I picked up one of those free parenting magazines that seem to be ubiquitous at the doctor’s office–you know, the kind with healthy recipes, de-cluttering tips, local kids’ events, etc. Anyway, my eye was drawn to an essay titled “Motherhood Really Changed Me.” In it, a woman related her struggles to get pregnant as well as her eventual success with IVF.
Of course, as a Catholic, I oppose IVF. But I have never had to endure infertility, and can’t say for sure that I would resist it when placed in such a desperate situation. After all, I have committed far graver sins simply out of my own stubbornness, without the excuse of being driven by the basically good desire for a child. So I read her story sympathetically . . . until I got to this passage:
Although I was raised Catholic, I find myself angry at the church for its negative view on IVF. I haven’t had my children baptized yet (which is supposed to happen soon after birth) because I fear the judgment from the priest. I’ve also dealt with other Catholics, that despite our positive outcomes, still feel that IVF is a sin and that conception should be left “in God’s hand’s.” In my opinion, my children’s conception and healthy birth was still “in God’s hand’s”–we just had a doctor to assist in the process.
At that point, my sympathy eroded just a tiny bit. I can understand her anger–particularly since she seems to have been misinformed about the Church’s reasoning. But why would she deprive her children of the graces of baptism (assuming she still believes in those)? Why get so absorbed in her own anger and shame that she neglects her children’s spiritual growth?
But I continued reading, trying to keep in mind the pain she must have gone through . . . and then I came across this statement:
Once, I was an avid Republican–now I find myself on the liberal spectrum more often than not, especially when it comes to issues that deal with stem cell research.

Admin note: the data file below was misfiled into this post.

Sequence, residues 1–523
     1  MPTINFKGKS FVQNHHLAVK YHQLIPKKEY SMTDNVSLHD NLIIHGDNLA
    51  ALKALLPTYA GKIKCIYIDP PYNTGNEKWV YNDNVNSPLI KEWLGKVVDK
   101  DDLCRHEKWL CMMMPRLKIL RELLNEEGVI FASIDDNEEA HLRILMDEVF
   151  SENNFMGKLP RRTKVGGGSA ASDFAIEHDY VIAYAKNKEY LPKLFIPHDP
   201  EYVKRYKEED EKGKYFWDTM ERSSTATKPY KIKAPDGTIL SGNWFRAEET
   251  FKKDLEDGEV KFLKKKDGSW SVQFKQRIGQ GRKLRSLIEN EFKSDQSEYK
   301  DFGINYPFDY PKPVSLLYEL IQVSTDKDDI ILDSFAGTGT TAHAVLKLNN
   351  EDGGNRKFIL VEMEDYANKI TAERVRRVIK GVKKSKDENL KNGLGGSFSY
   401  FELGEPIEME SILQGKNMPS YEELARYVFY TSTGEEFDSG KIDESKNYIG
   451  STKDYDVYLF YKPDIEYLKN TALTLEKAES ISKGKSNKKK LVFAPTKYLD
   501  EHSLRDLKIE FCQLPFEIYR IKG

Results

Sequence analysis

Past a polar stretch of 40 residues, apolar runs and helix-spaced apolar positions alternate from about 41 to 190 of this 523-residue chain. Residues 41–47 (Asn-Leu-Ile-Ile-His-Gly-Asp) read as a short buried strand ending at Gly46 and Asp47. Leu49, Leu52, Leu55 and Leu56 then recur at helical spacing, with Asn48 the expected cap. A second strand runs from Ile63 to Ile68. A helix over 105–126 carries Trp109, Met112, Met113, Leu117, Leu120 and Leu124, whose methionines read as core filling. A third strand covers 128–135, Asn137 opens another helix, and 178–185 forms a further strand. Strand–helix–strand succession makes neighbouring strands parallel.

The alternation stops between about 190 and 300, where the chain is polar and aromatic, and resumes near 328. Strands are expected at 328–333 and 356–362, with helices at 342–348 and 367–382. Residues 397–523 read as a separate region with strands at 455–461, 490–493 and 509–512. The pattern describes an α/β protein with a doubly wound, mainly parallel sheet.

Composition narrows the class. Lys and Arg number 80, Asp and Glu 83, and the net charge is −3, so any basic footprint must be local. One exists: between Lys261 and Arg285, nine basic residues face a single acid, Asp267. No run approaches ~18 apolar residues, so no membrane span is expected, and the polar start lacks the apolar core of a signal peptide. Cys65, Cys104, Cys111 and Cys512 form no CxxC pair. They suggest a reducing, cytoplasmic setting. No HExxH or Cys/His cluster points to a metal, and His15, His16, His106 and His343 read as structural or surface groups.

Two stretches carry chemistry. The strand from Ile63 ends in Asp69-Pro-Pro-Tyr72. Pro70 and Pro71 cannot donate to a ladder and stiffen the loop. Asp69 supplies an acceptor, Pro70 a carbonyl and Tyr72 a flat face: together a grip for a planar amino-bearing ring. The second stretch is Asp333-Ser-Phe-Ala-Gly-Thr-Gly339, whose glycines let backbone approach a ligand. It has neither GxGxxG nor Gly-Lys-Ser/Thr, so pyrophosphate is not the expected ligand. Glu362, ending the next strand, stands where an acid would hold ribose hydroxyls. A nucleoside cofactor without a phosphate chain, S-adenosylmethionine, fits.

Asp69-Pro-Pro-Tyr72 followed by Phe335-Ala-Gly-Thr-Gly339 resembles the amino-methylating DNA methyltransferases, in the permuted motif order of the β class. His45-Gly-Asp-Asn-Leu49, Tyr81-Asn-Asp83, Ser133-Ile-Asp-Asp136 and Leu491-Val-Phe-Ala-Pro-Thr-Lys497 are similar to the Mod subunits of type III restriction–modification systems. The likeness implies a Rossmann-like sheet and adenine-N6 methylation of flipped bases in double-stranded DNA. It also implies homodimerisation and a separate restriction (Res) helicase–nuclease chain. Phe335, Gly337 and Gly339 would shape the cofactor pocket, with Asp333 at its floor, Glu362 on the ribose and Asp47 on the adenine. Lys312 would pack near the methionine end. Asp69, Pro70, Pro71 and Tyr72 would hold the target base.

The liberal position is that it is permissible to destroy human embryos–that is, beings with human DNA–for the purpose of stem cell research. And somehow IVF has convinced her to support such destruction.
I was reminded of one of Pope John Paul II’s remarks in Evangelium vitae:
The various techniques of artificial reproduction, which would seem to be at the service of life and which are frequently used with this intention, actually open the door to new threats against life. Apart from the fact that they are morally unacceptable, since they separate procreation from the fully human context of the conjugal act, these techniques . . . reduce human life to the level of simple “biological material” to be freely disposed of. (14)
IVF trivializes conception by divorcing it from a “fully human,” unitive act. The effects of this trivialization are legion. Sometimes mothers are led to a shockingly cold attitude towards their own children, characterizing them as products. More often, however, the effects are more subtle. The mothers are thankful for their children and feel very blessed.
But . . . at the end of the day, they still can’t see embryos as human. Because they’ve experienced them as “biological material” to be manipulated, they come to adopt a casual attitude towards their destruction. Not towards their own already-born children, of course–they are grateful for them. But, embryos at the beginning of the process, when they’re still abstracted from the normal human context and subjected to an impersonal process. . . those are harder to see as human. This is the attitude IVF fosters. Not in every case, but often enough that it’s a problem.